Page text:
This Pandemic Has Turned Me Into A 1950s Housewife

11 Oct This Pandemic Has Turned Me Into A 1950s Housewife

First published in the NZ Woman’s Weekly 18.10.21


Shortly after 6am last Saturday, you would have found me in my kitchen with the entire contents of the fridge laid out on the bench. Not because I was hungry and about to whip up an omelette at dawn. Nope, this was me pulling out all the shelves and fittings to wash them down, and checking use-by dates on forgotten jars of chutney.

I’d woken early – a thing I do now I’m not working at night – and rather than reaching for a book, I’d decided to get up and get on. I have new microfiber cloths I swear by, and I’m trying a different brand of thick liquid cleaner. I hardly know myself.

On Sunday morning, you’d have found me on my hands and knees washing the floors, scrubbing skirting boards and – if you’d timed it right – shutting myself inside the pantry so I could wipe the inside of the bi-fold door which no one can see unless they’ve shut themselves in the pantry. No one, of course, has ever shut themselves in the pantry until now. 

I am all about the cleaning and cooking, and shopping from brochures and dreaming of evenings out. Recently, I heard myself say, “I feel like an adventure so I’m going to the supermarket, bye!” This pandemic has turned me into a 1950s housewife, and I’m not sure how I feel about it.

I suspect my mother would have approved. As much as she enjoyed the work I did out in the world, I know she felt my housekeeping could be a little lax. She rarely mentioned it, but on the odd occasion I polished the silver water jug (wedding gift from her) turning it from tarnished orange to mirror shine, she might say a little tartly, “Is it Christmas already?” Meaning I must be doing this for other eyes, as mine clearly hadn’t noticed it for months. Still, she could see I was pleased with the sparkle of it and she would exhale a little, and smile.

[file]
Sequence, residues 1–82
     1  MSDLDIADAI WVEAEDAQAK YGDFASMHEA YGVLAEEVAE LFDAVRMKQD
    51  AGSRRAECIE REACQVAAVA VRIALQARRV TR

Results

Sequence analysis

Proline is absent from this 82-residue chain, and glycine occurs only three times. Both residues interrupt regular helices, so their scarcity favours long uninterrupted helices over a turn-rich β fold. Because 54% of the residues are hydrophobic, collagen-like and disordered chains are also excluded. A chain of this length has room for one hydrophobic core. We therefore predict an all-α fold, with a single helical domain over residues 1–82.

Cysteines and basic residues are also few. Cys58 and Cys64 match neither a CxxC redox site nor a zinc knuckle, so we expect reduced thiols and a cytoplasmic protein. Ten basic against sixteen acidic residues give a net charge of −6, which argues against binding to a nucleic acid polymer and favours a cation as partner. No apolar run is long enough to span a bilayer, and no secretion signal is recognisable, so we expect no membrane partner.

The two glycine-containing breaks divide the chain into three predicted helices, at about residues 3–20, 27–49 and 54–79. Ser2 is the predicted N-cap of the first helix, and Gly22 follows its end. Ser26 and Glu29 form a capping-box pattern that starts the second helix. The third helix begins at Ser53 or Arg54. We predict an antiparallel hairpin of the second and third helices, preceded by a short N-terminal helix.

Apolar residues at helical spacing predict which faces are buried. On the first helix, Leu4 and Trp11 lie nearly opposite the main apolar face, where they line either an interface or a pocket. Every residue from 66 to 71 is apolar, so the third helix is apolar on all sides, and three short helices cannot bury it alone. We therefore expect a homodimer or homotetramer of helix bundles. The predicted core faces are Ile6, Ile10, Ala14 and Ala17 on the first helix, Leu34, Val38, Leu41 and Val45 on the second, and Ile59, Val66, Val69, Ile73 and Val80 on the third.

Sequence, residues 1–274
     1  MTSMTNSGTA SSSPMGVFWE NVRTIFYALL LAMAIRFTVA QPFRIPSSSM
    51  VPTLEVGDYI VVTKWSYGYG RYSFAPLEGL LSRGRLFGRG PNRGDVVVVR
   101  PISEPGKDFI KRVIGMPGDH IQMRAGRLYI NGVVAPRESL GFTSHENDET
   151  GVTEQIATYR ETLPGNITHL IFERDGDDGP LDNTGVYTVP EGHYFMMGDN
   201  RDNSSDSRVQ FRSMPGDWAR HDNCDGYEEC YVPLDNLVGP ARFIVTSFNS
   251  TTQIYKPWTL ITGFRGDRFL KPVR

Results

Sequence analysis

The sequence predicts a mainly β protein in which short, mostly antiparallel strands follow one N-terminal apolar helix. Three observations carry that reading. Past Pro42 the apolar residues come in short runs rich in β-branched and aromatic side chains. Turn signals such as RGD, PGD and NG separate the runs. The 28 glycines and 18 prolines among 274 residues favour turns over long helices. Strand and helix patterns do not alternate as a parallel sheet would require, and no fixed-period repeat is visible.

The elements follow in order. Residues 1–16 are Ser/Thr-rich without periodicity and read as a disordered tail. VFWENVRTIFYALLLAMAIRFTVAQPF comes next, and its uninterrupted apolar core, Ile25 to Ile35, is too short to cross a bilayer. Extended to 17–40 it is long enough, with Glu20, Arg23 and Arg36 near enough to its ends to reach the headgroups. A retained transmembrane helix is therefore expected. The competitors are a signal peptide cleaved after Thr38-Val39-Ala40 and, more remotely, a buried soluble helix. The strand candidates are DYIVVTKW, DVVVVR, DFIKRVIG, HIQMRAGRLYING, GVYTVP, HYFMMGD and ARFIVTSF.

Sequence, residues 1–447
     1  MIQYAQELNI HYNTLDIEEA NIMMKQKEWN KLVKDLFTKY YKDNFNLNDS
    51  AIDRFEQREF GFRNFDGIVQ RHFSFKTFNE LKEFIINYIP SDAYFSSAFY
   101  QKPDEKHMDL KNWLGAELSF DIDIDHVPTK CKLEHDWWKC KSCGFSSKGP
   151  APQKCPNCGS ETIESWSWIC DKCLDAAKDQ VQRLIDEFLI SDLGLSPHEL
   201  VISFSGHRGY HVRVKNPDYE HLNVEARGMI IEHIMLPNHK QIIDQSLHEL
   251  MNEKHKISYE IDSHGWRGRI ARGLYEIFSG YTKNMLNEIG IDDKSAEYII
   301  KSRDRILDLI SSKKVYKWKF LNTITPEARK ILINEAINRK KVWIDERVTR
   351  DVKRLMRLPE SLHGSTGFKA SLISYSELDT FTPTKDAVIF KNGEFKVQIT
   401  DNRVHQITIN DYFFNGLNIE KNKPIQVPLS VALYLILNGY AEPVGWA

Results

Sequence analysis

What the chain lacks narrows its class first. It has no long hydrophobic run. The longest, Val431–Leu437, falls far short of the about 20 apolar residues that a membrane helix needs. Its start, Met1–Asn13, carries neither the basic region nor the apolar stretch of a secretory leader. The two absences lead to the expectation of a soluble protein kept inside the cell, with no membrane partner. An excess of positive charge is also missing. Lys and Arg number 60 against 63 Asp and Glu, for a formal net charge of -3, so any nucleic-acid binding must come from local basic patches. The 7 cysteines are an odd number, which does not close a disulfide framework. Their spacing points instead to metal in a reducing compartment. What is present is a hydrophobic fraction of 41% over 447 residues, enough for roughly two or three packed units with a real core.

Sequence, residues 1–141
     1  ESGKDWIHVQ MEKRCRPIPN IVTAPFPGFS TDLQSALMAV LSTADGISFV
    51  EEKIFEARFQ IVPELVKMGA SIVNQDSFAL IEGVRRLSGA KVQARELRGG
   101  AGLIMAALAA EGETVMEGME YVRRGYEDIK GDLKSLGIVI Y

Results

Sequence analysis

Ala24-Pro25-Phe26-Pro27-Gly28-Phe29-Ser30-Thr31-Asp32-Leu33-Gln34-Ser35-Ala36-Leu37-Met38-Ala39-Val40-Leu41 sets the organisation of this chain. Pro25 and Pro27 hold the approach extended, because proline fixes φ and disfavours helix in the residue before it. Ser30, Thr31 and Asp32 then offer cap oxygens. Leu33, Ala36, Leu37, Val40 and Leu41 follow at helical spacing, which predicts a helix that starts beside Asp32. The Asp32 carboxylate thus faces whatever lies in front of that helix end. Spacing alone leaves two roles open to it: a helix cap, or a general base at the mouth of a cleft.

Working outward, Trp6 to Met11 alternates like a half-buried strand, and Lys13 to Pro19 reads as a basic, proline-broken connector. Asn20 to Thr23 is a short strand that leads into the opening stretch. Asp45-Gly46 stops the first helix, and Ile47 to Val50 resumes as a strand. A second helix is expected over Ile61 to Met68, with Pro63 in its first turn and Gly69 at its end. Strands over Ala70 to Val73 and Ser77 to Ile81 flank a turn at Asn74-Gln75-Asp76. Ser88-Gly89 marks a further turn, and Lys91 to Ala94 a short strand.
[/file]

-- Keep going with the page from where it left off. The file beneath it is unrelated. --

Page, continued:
It is true that, back when I spent a lot of nights in hotels – like, you know, in July – I tended to treat my home like a hotel, too. Sleep, eat, do some work, pack a suitcase and go. But I’m here now, noticing tops of doors and finger marks on light switches and suddenly curious about what is stuffed under the spare bed.

I am also – I’ll be honest – going slightly mad. Thank goodness I was born in the sixties because I couldn’t have done the 1950s for more than a few weeks. Much more of this and I will either be burning my bra or getting an online prescription for Mother’s Little Helper, or both.

And yet I will also confess there is pleasure to be found in the sparkling insides of a clean fridge and a well organised drawer. Also piles of clean laundry. I am a feminist, yes, but I prefer my bras washed, not burnt. I mean, have you seen the price of them? And smell the fabric softener on this one.

I have taken to stewing fruit. Sometimes I don’t even plan it, I’ll just be walking past the fruit bowl and suddenly find myself at the stove with its contents. I notice that, as I slice quartered apples into the saucepan, my hands look like my mother’s hands, and they move the same way. You might notice me exhale a little in moments like this, and smile.